Many people are curious about how to make a loan application to multiple banks or to apply for a loan to a large number of banks on the same day.
Credit rating is a rating that reflects the credit history that banks use to approve and sometimes reject applications. Each time a bank checks the credit history to evaluate an application, the credit rating is affected.
What Happens When A Loan Application Is Made?
Banks need to check your credit history to evaluate your loan applications.
Your credit history, credits, credit cards, accounts count, whether you’ve paid on time, or if you’ve previously passed a legal follow-up due to your debts. Credit history is the best way to check this and similar information.
Rather than review your full credit history, many banks check your credit rating to assess your application more quickly. Because your credit rating is a summary of all the information in your credit history.
When a bank checks your credit note, for example to evaluate your loan application, an inquiry is performed on your credit report. This inquiry in your credit report over the last 12 months affects your credit rating.
How Many Applications Affect the Credit Rating?
A single credit application is unlikely to cause any major damage to your credit rating.
Your credit history will absorb the impact of a single loan application, no matter how bad or good it is. However, making multiple credit applications to more than one bank in a short time will cause serious damage to your credit rating.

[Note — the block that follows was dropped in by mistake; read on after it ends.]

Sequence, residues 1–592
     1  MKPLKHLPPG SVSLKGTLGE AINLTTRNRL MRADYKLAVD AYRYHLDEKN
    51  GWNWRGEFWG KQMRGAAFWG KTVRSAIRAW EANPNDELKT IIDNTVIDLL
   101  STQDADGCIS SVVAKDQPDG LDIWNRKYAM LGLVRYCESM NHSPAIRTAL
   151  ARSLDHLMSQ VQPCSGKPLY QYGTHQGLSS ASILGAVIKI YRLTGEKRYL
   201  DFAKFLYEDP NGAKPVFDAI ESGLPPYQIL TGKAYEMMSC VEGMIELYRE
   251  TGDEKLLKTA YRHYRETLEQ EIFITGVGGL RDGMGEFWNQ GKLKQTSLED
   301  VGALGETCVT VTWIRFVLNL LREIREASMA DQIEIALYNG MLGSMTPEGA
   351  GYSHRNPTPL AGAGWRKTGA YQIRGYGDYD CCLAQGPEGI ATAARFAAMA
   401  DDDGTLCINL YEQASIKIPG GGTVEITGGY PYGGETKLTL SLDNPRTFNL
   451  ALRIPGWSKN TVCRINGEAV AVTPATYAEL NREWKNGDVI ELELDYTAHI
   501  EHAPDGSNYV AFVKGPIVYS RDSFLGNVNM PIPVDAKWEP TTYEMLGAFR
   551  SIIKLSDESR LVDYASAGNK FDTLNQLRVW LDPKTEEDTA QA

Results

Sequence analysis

For example, applying for loans at the same time to all banks or applying to different banks on different days on the same day or shorter intervals will damage your credit rating, but will also reduce the possibility of your credit being approved.
Even if your credit rating isn’t going to suffer much from a few loan applications, banks may refuse your loan application because you’ve made intensive applications recently.
A large number of new loan applications can be perceived as despair, and this may indicate that your current financial situation is probably not good, which may lead to a negative result of your loan application.
The approval or refusal of your credit application does not affect your credit rating, at least directly.
If your application is approved, it may be said that with a simple mathematics, your credit rating may be temporarily reduced at a specified rate, as the opening of new credit products affects your credit rating by 11 percent.
However, the approval of your loan application will have a positive impact on your grade, as the average credit history will increase your age.
On the other hand, rejecting your application will not affect your credit rating.